Egypt to seek IMF talks as it reveals grim economy data


By Asma Alsharif

CAIRO Feb 21 (Reuters) - Egypt plans to invite an IMF mission to Cairo within a week, the government said on Thursday, signalling an imminent resumption of negotiations over a $4.8 billion loan as it struggles with an acute foreign currency shortage.

Planning Minister Ashraf al-Araby said foreign investment in Egypt had all but dried up and announced grim economic data, exposing the depth of the country's financial crisis before elections expected in the spring.

Analysts had expected the government of President Mohamed Mursi to try to delay a deal with the International Monetary Fund until after the elections, as the loan's terms will demand highly unpopular austerity measures. Parliamentary polls are expected to begin in April or May.

However, Araby said he expected rapid movement. "God willing, we expect to invite the IMF delegation within days," he told a news conference. Asked to be more specific, he said: "Within days, no more than a week."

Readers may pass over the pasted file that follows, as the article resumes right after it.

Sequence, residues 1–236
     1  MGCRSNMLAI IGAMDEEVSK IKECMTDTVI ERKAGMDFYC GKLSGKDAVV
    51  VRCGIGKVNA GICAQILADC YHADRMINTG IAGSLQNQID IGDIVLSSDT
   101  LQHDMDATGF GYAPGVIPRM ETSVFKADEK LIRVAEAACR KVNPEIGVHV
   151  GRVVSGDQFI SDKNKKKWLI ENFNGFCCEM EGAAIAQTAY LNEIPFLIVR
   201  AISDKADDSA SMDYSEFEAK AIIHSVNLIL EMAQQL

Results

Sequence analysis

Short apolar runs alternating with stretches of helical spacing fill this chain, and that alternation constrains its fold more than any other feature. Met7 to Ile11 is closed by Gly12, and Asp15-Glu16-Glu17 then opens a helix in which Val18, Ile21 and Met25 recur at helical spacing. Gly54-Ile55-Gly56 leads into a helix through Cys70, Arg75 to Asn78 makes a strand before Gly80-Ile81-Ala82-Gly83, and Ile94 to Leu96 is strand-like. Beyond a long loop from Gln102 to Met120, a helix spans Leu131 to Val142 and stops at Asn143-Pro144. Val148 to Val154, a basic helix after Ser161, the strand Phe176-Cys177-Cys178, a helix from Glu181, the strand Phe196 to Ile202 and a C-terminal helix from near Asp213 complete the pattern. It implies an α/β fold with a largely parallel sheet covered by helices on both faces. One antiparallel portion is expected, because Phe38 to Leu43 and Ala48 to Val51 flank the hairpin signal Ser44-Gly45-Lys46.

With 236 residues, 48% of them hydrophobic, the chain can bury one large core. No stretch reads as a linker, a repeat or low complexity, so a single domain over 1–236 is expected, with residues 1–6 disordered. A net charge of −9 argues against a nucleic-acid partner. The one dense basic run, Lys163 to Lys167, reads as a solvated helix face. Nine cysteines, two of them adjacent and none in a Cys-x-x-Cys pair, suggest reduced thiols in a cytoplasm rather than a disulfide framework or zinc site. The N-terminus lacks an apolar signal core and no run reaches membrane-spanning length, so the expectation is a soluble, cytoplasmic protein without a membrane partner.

Cairo reached an initial agreement with the IMF on the loan in November but postponed final ratification in December because of political unrest. This followed Mursi's move to push through a controversial new constitution completed by his backers in the Muslim Brotherhood and other Islamist parties.

Araby announced that foreign investment in Egypt was almost non-existent in the six months to the end of December, reflecting the political and economic uncertainty besetting the Arab world's most populous nation.

He added that Egypt needed strong investment to reach seven percent annual economic growth - the rate economists believe is needed to lower unemployment and soak up the waves of young Egyptians entering the labour market.

However, he said growth had been just 2.2 percent year-on-year in the three months to the end of December.

Egypt's pound has tumbled 8 percent against the dollar this year as its international reserves fell to $13.6 billion, less than the $15 billion needed to cover just three months' worth of imports.

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